EDITORIAL: Expect seismic shift in corporate comms

Executive recruiters aren't having an easy time at the moment. The recruitment merry-go-round had slowed before September 11, and all but ground to a halt afterwards. Some feel it is turning again now, but they are hardly matching the Fed's "first half could be gangbusters" talk-it-up optimism.

Executive recruiters aren't having an easy time at the moment. The recruitment merry-go-round had slowed before September 11, and all but ground to a halt afterwards. Some feel it is turning again now, but they are hardly matching the Fed's "first half could be gangbusters" talk-it-up optimism.

The one thing keeping recruiters going through this gloomy spell is a steady trickle of demand for senior corporate communications pros who boast a genuine in-depth knowledge of both PR and IR. Some corporations, such as Home Depot or New York Times Company, are amalgamating those disciplines within their ranks, so that the top communications exec - whether he or she is a CCO, an SVP or a VP - is responsible for both functions.

As this year's annual meetings season begins, expect a simultaneous surge in demand for pros that can fill such a role.

Why? Because this coming season will give CEOs firsthand experience of the seismic shift that has taken place in the way that corporations must communicate to be successful.

It will no longer suffice to simply have your auditor sitting quietly in the corner at an annual meeting, say knowledgeable pundits such as Richard Torrenzano of the Torrenzano Group. In the wake of Enron, meeting attendees - who look certain to be more vocal and inquisitive than ever before - will want to know who they are, what firm they work for, and what that firm does for the corporation beyond auditing. They will also, perhaps for the first time, have a real keen interest in the choice of accounting methodology. Compensation practices and legal counsels may also come under greater scrutiny from shareholders and regulators.

It will no longer be enough to have an IR department that writes results statements, puts together the annual report, and cozies up to a few key analysts. The communicators responsible for IR will have to speak not only to thousands of private and institutional investors, but also to employees - in a language they understand - to ensure them that their 401(k) plans and stock holdings are not going to let them down. Communicating simultaneously and effectively with these audiences will require expertise in employee relations, media relations and investor relations - not just one of the three.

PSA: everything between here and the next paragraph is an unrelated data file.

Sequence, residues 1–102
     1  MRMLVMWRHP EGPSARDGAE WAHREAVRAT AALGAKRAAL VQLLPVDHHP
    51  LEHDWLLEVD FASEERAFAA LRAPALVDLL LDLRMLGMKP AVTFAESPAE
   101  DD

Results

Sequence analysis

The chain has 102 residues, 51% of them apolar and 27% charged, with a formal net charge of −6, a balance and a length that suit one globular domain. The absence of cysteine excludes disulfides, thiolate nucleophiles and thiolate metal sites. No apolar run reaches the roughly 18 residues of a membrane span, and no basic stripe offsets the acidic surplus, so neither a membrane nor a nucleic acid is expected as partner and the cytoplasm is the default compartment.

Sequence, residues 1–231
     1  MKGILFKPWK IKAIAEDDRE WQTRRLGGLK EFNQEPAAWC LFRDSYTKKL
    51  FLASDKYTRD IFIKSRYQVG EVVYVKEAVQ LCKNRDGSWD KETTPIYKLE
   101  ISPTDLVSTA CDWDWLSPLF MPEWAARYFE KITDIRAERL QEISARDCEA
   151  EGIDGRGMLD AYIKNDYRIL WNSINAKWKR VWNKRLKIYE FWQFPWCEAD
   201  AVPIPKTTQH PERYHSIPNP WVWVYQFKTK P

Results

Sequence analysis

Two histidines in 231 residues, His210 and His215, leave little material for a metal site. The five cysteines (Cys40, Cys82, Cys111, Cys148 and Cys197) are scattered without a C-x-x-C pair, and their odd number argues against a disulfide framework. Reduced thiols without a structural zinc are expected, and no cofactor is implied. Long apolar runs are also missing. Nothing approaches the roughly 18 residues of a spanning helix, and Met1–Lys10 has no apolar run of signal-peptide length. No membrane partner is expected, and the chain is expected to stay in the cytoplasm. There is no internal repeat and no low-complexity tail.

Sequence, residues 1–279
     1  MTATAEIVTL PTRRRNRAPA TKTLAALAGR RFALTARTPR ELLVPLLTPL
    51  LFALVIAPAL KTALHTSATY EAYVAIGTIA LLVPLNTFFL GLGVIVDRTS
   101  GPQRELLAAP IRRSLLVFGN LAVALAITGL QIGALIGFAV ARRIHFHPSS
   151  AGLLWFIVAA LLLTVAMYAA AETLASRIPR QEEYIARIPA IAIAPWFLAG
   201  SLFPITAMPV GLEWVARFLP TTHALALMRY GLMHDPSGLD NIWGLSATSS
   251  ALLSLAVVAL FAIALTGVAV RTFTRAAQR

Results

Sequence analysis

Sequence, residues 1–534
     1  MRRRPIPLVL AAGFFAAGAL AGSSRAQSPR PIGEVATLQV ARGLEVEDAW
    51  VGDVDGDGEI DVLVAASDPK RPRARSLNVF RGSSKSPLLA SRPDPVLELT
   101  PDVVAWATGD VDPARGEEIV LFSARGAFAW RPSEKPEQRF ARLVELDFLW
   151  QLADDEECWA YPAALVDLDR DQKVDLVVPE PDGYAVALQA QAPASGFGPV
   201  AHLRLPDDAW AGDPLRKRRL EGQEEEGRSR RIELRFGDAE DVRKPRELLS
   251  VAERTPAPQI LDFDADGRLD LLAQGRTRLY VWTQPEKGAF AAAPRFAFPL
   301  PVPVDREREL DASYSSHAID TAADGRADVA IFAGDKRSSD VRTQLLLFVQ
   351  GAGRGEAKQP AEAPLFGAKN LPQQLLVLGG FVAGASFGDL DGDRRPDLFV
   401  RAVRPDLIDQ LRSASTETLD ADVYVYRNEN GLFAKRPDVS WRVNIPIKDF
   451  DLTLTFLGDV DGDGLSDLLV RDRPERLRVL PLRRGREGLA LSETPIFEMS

IR and communications pros will also have to advise on more than just how to disclose financial information, but on exactly what should be disclosed relative to demands for more in-depth financial reporting from regulatory agencies, the investment community, and individuals. They will have to show an awareness of the benefits - and drawbacks - of greater transparency.

Communicators' stock will rise among peers and masters if they have experience and understanding into regulators and regulatory issues. The SEC will be swarming all over independent auditors in the coming months, and will likely continue to examine investment banks that own stock, make recommendations on those stocks, and issue stricter guidelines on pro forma reporting.

Dismiss Enron as something that didn't happen to your company, or a passing media obsession, at your peril. Employees, shareholders, regulators, and journalists are all looking for the next Enron. Equally, however, a good reputation has never been a bigger asset. All of which means that top IR or PR pros - or, better still, pros who excel at both - will be more in demand than ever. Do you qualify?

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